Court of Appeal rejects plea for ‘no conviction recorded’
Anthony Berry found out last week that he will not be able to continue his studies at a university in the United States. The Cayman Islands Court of Appeal on Thursday rejected his plea to overturn a Summary Court conviction entered on his record after he pleaded guilty to consuming ganja.
He was fined $600 and convicted in December, 2010.
Addressing the Court of Appeal, Attorney James Austin-Smith acknowledged that when Berry was appearing in the Summary Court, “He was a silly arrogant boy, but that’s not who he is now.” He said Berry had bettered himself, citing his 100 per cent attendance at class and 3.58 grade average.
However, when Berry got off the plane in Texas to start his second semester, he was turned around by authorities there, Mr. Austin-Smith explained. The young man attempted to get his student visa re-granted, but was refused. He was told he would be permanently ineligible because of a controlled substance-related offence.
Appeal court Justice Abdullah Conteh said he was concerned that Berry, while before the Summary Court, had refused to enter the Drug Rehabilitation Court programme. If he had done so, as a co-accused did, he would have been free and clear, the judge pointed out.
The judges also referred to the sentencing notes of Magistrate Nova Hall. She had said that probation would normally have been the appropriate way to deal with Berry’s rehabilitation. However, the report prepared by the probation officer described him as nonchalant. It said he had missed appointments, did not show any remorse, and tested positive for ganja twice, including once just prior to sentence.
The magistrate said she saw no effort by Berry to be rehabilitated and she found no basis for not recording a conviction.
Court president Sir John Chadwick said Berry’s attitude toward ganja consumption was not uncommon among his generation and there was nothing before the court to suggest his attitude had changed. He continued, “The law is the law and you can’t decide at age 18 that it doesn’t apply to you because it’s a silly law anyway.”
Berry did not have an attorney in Summary Court or in Grand Court when he first appealed.
He tried to have the magistrate’s decision reversed, but Chief Justice Anthony Smellie said there appeared to be no error of principle in the way the magistrate dealt with the matter. The Criminal Procedure Code states that the court, having heard the prosecutor and the accused shall either convict the accused and pass sentence or shall acquit him, at its discretion, or may with or without recording a conviction make an order discharging the accused “if it is of the opinion that it is not expedient to inflict any punishment notwithstanding that it finds the charge against the accused is proved”.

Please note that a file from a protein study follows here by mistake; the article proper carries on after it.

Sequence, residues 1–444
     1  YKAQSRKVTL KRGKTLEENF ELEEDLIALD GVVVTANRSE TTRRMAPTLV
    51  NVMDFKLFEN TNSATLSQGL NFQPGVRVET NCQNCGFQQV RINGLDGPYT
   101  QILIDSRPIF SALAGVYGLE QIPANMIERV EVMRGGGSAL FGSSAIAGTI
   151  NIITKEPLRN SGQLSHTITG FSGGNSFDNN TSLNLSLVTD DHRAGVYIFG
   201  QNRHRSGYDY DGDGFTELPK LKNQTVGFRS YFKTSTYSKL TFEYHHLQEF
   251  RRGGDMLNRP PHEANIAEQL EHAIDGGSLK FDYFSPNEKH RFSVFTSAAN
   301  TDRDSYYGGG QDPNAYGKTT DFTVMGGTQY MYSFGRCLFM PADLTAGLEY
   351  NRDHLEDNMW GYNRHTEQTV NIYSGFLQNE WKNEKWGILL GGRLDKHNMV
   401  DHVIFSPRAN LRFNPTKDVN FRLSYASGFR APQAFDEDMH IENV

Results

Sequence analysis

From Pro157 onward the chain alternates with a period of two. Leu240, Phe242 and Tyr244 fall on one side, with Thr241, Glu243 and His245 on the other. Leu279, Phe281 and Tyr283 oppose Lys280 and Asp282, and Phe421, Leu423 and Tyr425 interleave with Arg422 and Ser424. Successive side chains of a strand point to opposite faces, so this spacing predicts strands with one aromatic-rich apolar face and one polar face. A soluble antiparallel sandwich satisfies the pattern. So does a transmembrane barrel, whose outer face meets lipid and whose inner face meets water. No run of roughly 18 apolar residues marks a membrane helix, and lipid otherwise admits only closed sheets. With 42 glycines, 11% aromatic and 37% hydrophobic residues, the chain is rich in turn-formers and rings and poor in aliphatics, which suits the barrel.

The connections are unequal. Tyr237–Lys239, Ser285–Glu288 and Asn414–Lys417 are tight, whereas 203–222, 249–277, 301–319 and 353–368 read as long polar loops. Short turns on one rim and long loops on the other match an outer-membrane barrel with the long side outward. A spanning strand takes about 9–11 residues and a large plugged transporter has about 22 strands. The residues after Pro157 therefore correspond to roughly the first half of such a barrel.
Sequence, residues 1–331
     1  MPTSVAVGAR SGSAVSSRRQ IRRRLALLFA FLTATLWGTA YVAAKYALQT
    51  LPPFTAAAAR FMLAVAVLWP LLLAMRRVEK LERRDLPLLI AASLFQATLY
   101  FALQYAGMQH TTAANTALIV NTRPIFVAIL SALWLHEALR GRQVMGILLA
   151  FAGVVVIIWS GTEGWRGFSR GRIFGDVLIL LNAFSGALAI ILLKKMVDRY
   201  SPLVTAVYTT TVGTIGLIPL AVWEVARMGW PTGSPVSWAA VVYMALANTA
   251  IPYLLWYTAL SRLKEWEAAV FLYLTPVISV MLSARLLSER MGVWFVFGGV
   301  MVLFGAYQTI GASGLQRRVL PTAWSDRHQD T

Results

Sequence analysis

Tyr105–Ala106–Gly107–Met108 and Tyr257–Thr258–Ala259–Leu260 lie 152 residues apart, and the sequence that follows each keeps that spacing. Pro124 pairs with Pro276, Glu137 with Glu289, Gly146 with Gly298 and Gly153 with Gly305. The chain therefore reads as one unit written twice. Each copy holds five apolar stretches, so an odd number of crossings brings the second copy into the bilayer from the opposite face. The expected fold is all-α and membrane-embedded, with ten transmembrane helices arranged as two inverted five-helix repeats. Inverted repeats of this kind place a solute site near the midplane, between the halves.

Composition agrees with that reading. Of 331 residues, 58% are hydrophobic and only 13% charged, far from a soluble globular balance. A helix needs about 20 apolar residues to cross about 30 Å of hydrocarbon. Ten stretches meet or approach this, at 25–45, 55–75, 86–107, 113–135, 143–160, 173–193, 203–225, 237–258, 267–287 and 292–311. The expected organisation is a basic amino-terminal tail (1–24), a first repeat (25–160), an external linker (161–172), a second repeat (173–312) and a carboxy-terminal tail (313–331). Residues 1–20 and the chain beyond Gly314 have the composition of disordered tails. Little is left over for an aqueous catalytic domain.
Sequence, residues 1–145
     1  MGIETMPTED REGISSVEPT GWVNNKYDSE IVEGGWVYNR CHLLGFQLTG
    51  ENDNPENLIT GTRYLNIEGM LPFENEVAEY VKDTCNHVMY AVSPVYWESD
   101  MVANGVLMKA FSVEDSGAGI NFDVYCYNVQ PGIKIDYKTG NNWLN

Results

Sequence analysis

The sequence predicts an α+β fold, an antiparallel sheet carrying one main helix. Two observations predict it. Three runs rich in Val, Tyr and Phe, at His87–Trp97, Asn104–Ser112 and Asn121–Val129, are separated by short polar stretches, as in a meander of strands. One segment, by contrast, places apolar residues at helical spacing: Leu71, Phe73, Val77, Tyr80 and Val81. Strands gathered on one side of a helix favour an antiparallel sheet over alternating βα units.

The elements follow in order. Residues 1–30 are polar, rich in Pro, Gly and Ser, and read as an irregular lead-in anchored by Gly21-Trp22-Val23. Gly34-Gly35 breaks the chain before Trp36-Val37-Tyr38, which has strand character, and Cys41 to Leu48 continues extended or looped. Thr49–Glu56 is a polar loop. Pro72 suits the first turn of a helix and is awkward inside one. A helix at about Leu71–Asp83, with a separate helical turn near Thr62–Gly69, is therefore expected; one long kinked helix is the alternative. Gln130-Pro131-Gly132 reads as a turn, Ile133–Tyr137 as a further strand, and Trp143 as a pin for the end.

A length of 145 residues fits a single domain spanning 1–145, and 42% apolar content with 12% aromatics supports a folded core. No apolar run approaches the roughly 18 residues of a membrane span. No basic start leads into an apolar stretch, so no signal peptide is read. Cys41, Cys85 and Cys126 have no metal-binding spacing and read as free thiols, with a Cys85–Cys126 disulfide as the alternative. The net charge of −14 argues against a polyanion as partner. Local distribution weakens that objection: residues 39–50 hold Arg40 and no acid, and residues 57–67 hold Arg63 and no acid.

When Berry was before the Grand Court, he was already attending school in the US. The chief justice asked him why he was concerned about the conviction. Berry said the school did random drug screens; he also expressed concern about future employment.
Justice Chadwick quoted the Grand Court decision when the Court of Appeal handed down its ruling. The chief justice said if he had been persuaded that Berry would experience the exceptional hardship of losing an educational opportunity in the US because of this conviction, he would have had a basis for interfering with the recording of a conviction, but that basis was not presented. The recording of a conviction did not make the sentence manifestly harsh and excessive, he concluded.
The Court of Appeal Law limits the grounds on which a person may appeal a second time. The ground may be on a point of law or against sentence, but not on any question of fact.
Mr. Austin-Smith had argued that Berry’s circumstances had changed and the change in visa status would have or might have led to a different conclusion in Grand Court if the chief justice had been aware of it.
But Justice Chadwick pointed out that whether or not the conviction remain recorded, it was undeniable that Berry had been involved in a controlled drug-related offence, because he pleaded guilty. If there were no recorded conviction he would be able to complete a form on which he could properly answer no for “Have you been convicted…?” But he could not answer no for “Have you been involved…?”
Plainly, the magistrate and the chief justice did not err in reaching the conclusions they did, the appeal court president said. Neither could it be said that it wasn’t on everybody’s mind that this problem might arise — that he might have trouble entering and remaining in the US because of this drug offence.
Now the court was asked to interfere because this potential problem had become real. The president posed this question: if the conviction were struck off the record would the attitude of US authorities change? There was no basis for making that assumption, he said.
The Cayman Islands Court of Appeal could not tell the US that Anthony Berry was not guilty of a controlled substance related offence in the circumstance that he had pleaded guilty. The court was being asked to provide him with a document he could take to persuade US authorities that the offence had not really happened and there had been no conviction.
The three judges, including Sir Anthony Campbell, saw no basis upon which they should acceded to that request.